When the potential ‘reasonable person/juror’ looks at the government’s case, they find the sole primary witness is a convicted sex offender involving children [a ‘child molester’ or ‘chomo’ in prison vernacular]. The child molester is at the bottom rung of both the upstanding and the criminal societies, actively shunned by normal society and considered expendable and often actively targeted by criminal society. Were the AUSA to present this witness into a courtroom with the average juror in the jury pool, the prosecution would have a demonstrably difficult time trying to overcome the jurors collective sense of revulsion to the prosecution’s primary witness, even with audio/video recordings of the interactions in which charges could be reasonably foreseen. In a case that involved only inflammatory statements and violent proclamations, there is little to show the jury that would arise their collective indignation for the criminal indictments presented as much as the prosecution’s witness would once it was introduced by the defense attorney.

    The AUSA was fortunate to get a five year sentence in the Bureau of Prisons [BOP], considering that the average defendant convicted of manslaughter/homicide gets about seven years in prison [nationwide]. In these types of cases, both sides can claim a victory, yet justice goes unsated.

    • Harmon Gale says:

      Great post ZoS! The sentencing just reinforces the point that Thomas and company never actually did anything illegal except for what law-enforcement encouraged and helped them to do.

  7. zoneofsubduction says:

    Keep in mind that when a Federal agent [criminal investigator] gets wind of anything that has the potential for criminal charges, they consult with and coordinate their case[s] with the US Attorney’s Office for their district from the initiation of the case. An AUSA is assigned to work with the agent[s] and legally develop the case for prosecution and legal review.

    If cases turn out to be unprosecutable or not of a criminal nature, the AUSA and the Federal agent are supposed to terminate the investigation, unless there is a compelling interest in continuing it [looking for actual suspect/s, conspirators, or intelligence on a definite crime].

    This is in contrast to State of Arizona law enforcement who usually only consult with the County Attorney [CA] on officer involved shootings, homicides, and complex fraud/computer crimes/terrorism type cases. The police do their work and then present it to the CA for review by the Supervisory Deputy County Attorney [SDCA] in the Major Felony bureau for charging or their recommendations/review.

    • Harmon Gale says:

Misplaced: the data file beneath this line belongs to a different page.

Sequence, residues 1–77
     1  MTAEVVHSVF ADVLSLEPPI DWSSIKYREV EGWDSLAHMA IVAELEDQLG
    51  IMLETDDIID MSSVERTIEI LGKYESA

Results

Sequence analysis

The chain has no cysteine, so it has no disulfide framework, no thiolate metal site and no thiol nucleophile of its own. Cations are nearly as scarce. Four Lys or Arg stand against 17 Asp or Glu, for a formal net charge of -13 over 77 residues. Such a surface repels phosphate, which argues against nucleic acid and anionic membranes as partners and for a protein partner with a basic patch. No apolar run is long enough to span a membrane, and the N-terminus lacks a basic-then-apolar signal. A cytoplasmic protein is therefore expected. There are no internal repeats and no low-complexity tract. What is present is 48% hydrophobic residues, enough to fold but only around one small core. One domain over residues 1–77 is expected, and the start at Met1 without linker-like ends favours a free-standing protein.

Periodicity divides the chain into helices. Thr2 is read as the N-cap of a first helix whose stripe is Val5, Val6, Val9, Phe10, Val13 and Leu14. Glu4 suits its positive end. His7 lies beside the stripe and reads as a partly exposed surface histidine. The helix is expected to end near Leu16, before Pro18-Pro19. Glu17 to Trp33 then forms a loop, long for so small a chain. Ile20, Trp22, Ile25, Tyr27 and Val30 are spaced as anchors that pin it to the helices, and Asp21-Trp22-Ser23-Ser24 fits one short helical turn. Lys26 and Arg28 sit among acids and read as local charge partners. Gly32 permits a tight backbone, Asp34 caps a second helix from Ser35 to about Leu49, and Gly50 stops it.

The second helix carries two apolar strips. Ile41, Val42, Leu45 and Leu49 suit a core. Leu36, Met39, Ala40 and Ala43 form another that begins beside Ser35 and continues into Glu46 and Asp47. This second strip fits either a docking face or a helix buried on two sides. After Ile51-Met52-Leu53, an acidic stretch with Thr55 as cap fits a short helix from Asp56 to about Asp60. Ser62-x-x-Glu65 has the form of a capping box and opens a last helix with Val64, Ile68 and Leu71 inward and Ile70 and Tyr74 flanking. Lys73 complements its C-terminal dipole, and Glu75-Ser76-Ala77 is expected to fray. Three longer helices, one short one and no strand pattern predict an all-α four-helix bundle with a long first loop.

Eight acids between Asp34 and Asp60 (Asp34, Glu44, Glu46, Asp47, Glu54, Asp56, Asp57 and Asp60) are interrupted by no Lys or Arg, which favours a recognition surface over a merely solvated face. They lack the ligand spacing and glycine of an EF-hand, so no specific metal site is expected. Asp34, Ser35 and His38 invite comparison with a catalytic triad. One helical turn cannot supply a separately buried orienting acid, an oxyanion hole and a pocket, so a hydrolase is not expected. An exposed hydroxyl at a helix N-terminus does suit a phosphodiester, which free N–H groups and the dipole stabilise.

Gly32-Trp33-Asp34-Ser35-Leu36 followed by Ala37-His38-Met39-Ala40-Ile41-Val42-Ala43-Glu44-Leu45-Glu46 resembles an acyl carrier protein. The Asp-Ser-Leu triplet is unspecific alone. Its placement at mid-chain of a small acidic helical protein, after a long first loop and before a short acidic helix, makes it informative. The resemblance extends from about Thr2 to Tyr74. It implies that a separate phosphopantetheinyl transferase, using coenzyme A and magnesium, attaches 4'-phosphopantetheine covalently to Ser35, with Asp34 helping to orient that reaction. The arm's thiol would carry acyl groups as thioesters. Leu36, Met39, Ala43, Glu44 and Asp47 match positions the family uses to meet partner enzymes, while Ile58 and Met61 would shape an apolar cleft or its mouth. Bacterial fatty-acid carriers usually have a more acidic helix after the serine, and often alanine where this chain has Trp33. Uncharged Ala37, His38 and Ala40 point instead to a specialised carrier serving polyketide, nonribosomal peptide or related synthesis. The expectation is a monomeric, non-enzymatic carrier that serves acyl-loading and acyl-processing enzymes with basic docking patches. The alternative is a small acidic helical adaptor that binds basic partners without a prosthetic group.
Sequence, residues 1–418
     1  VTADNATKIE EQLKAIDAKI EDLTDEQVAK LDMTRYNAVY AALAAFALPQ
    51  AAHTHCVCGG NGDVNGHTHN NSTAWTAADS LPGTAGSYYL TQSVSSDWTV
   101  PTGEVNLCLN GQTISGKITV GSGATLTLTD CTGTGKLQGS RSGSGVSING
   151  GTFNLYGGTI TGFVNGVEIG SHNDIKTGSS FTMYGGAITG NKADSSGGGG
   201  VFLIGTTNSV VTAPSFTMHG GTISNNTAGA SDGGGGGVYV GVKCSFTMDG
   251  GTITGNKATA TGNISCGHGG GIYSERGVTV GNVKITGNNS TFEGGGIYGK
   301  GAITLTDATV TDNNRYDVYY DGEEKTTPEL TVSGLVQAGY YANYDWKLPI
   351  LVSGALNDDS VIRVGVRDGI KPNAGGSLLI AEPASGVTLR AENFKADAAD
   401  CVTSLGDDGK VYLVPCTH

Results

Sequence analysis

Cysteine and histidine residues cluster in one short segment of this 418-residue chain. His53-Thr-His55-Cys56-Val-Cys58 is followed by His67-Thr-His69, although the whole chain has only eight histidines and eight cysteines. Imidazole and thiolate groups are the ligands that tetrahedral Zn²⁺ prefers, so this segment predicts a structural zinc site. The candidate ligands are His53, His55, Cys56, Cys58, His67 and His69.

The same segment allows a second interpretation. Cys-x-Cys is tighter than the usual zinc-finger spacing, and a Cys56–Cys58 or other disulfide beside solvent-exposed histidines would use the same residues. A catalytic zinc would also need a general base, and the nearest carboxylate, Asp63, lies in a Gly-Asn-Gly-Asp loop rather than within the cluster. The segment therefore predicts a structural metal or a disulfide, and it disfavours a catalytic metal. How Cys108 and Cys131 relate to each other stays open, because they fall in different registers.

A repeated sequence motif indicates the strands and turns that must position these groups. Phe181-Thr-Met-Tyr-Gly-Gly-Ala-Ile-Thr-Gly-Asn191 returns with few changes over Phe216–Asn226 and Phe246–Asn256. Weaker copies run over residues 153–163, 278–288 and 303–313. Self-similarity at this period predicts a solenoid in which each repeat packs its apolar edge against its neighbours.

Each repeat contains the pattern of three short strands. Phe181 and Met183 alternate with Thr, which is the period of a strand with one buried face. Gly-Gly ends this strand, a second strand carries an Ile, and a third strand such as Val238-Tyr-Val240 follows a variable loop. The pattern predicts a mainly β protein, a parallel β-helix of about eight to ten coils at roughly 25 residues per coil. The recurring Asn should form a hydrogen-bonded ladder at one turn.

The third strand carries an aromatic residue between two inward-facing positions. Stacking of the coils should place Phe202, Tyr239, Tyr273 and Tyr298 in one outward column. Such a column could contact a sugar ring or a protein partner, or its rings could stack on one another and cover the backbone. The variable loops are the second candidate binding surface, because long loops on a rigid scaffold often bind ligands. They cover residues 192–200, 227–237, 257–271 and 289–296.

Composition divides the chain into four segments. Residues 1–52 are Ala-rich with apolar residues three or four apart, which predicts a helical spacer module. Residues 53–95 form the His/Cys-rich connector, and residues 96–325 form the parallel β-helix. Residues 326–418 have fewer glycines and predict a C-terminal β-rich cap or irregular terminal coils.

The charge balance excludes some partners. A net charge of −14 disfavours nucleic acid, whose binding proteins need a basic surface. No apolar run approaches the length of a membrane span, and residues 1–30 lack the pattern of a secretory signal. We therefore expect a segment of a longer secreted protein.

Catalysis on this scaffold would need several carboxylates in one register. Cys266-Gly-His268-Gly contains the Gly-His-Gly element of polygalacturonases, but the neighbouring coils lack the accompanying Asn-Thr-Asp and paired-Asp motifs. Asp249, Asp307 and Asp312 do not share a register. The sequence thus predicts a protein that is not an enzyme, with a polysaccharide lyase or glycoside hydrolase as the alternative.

That’s an important distinction to make, thanks ZoS. Theoretically, a sharp lawyer is supposed to step in and tell federal agents to cut their losses if need be. But is that how things always work in practice? I think the RetroReport video I posted in the update is instructional here. Sometimes the prosecutor wants a win too, and as in the case of the “Detroit Sleeper Cell,” withheld evidence from the defense–with the approval of his supervisor at the U.S Attorneys Office! Three levels of oversight failed here.

      • zoneofsubduction says:

        The inherent problem with the Executive Office of the US Attorney {EOUSA] and the local US Attorneys are that they are inherently political entities. Each is chosen by the incoming President and serves solely at the pleasure of his/her political masters. Some US Attorneys are objective minded legal practitioners, others are little more than overly ambitious political hacks with Juris Doctorate degrees. Managing and supervising AUSAs also hold political sway over civil and criminal prosecutions.

        The oversight is not working because of fundamental societal changes in the body politic of the America.

  8. Riley Workman says:

    Harmon I think this was a great topic choice. It is pretty sad that the FBI actually thinks that forced convictions are a proper allocation of funds. There is a reason why the saying is ‘snitches get stiches.’ Rats like that cannot be trusted by people on either side of the law so of course they will do what ever they need to in order to benefit their pathetic lives. Especially sex offenders like this guy. One thing that really surprised me is how low of a prison sentence they got. I build guns for a living so I end up dealing with all sorts of people. Many people want more than they are allowed to have and even with the gun leniency in Arizona the charge would have been more than double that. Something else that is entertaining with this situation is their age. I thought it was kind of a well known consensus that old people are grumpy and gather together so they can be grumpy together. I am sure there are thousands of elderly veterans around the country that could just as easily be dooped into an arrest like this. Obviously someone was just looking to fill a quota with no regards for the casualties.